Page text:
One of the things I read as a young teacher which stuck with me was, be careful of your use of the verb "to be" when reprimanding a student. If a student lied to you, don't say, "You are a liar." Say something more like, "You told a lie." If a student cheated, don't say, "You are a cheater." Say something more like, "You cheated on that last test." If a student regularly disrupts class, don't say, "You are nothing but a troublemaker." Say, "I won't let you continue to disrupt class," or, "If you keep causing trouble in here, I will . . ."
The reason is, the statement "You are . . ." is very powerful. It is a statement of being, referring to your essential nature (I just checked to see where the word "essential" comes from. It's from the Latin "esse," "to be.") So if I say to a student, "You are a liar," I'm saying that lying is an essential part who that student is. If, on the other hand, I call a statement a lie, I'm dealing with one specific statement at one moment in that student's life, which means the student has the opportunity to stop lying by making a change in behavior, which is far easier than changing his or her essential nature.
It's probable that the other side of the "to be" coin is true as well: if you can get someone to identify with a positive trait by saying, "I am a . . .," you can increase the chance of that person acting on it.
I read a short piece recently that said people are more likely to vote if they consider themselves "voters," as in, "I am a voter," than if they say, "I vote." It cited a study indicating that people who accept the label of "voter" are more likely to cast their ballots than people who simply say they vote. It makes sense to me. If you think of yourself as a "bowler"—"Yeah, I'm a bowler"—you're more likely to hit the lanes than if you say, "Yeah, I bowl now and then." Bowling is part of something you are,
not just something you choose to do when the mood strikes, when you have some spare time.
Bowlers bowl. Voters vote.
So I say, let's all be voters, people who act on that essential part of our being whenever the opportunity arises, which happens to be between now and Nov. 8—or a few days earlier if you mail in your ballot.
An Emerson Erudition Extra
: Ralph Waldo Emerson touched on the idea of our state of being—who we are—in his essay, The American Scholar
. He bemoaned the fact that too many people consider their occupation to be their essence. A "Farmer," Emerson wrote, should instead consider himself "Man on the farm." A "Scholar" shouldn't say, "I am a scholar." He should think of himself as "Man thinking." That way, we reclaim our essential humanity, the sense that we are all part of a whole, rather than dividing ourselves from one another by our chosen occupations. "The state of society is one in which the members have suffered amputation from the trunk, and strut about so many walking monsters,—a good finger, a neck, a stomach, an elbow, but never a man."
Here's the extended passage. Even if you were turned off to Emerson by being introduced to him too early or too forcefully—and, worse, being tested on what he wrote—you might give this a look, though you may have to get past the fact that he uses the male form, Man, to talk about humanity. This guy could write a hell of a sentence, and a paragraph, and an essay.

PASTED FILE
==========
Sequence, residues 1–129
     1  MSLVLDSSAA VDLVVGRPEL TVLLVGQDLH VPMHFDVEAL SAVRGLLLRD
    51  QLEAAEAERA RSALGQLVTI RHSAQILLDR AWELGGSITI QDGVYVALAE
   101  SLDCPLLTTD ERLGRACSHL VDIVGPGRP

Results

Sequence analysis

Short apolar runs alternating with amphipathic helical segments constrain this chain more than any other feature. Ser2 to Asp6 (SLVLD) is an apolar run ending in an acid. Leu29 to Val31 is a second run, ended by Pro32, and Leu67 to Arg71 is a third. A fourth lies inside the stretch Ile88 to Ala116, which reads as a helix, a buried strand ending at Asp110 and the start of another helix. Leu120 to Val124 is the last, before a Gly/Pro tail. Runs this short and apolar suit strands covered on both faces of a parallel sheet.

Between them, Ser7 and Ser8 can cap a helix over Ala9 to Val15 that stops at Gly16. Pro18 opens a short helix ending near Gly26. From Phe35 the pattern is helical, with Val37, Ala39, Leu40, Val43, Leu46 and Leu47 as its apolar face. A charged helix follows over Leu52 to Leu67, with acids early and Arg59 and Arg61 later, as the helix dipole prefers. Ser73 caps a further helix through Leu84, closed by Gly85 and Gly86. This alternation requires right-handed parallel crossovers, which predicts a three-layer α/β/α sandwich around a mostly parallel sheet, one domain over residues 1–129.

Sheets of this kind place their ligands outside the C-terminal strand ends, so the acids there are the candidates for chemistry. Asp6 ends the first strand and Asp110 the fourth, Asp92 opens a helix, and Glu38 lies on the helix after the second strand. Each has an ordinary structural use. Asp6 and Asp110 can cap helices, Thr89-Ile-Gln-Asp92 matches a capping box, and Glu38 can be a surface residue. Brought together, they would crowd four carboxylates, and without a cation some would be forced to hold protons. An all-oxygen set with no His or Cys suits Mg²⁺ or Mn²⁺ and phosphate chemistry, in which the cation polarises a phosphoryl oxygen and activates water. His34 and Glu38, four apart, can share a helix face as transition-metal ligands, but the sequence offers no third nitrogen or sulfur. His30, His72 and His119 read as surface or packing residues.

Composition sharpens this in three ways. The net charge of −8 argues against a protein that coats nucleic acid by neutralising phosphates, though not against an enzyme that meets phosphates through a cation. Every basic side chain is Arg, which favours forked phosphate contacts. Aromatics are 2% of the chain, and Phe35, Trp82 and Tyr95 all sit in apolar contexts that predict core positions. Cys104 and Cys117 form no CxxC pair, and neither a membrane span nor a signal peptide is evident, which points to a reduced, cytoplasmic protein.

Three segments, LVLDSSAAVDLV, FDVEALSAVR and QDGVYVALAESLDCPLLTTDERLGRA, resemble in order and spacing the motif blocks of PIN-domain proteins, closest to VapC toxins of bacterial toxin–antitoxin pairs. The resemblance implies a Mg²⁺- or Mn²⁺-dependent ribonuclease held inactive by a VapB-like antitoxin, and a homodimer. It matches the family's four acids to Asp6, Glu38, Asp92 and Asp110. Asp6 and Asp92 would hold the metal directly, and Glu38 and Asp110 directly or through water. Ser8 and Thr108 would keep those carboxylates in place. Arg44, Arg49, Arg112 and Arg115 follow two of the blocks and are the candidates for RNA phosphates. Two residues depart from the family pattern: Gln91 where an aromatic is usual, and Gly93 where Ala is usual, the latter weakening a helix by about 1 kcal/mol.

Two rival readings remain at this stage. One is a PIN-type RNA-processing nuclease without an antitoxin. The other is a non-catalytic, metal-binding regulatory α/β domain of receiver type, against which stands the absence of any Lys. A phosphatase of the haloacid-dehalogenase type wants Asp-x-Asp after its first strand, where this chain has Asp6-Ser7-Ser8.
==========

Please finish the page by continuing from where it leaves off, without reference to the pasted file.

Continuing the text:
It is one of those fables, which, out of an unknown antiquity, convey an unlooked-for wisdom, that the gods, in the beginning, divided Man into men, that he might be more helpful to himself; just as the hand was divided into fingers, the better to answer its end.
The old fable covers a doctrine ever new and sublime; that there is One Man, — present to all particular men only partially, or through one faculty; and that you must take the whole society to find the whole man. Man is not a farmer, or a professor, or an engineer, but he is all. Man is priest, and scholar, and statesman, and producer, and soldier. In the divided or social state, these functions are parcelled out to individuals, each of whom aims to do his stint of the joint work, whilst each other performs his. The fable implies, that the individual, to possess himself, must sometimes return from his own labor to embrace all the other laborers. But unfortunately, this original unit, this fountain of power, has been so distributed to multitudes, has been so minutely subdivided and peddled out, that it is spilled into drops, and cannot be gathered. The state of society is one in which the members have suffered amputation from the trunk, and strut about so many walking monsters, — a good finger, a neck, a stomach, an elbow, but never a man.
Man is thus metamorphosed into a thing, into many things. The planter, who is Man sent out into the field to gather food, is seldom cheered by any idea of the true dignity of his ministry. He sees his bushel and his cart, and nothing beyond, and sinks into the farmer, instead of Man on the farm. The tradesman scarcely ever gives an ideal worth to his work, but is ridden by the routine of his craft, and the soul is subject to dollars. The priest becomes a form; the attorney, a statute-book; the mechanic, a machine; the sailor, a rope of a ship.
In this distribution of functions, the scholar is the delegated intellect. In the right state, he is, Man Thinking. In the degenerate state, when the victim of society, he tends to become a mere thinker, or, still worse, the parrot of other men's thinking.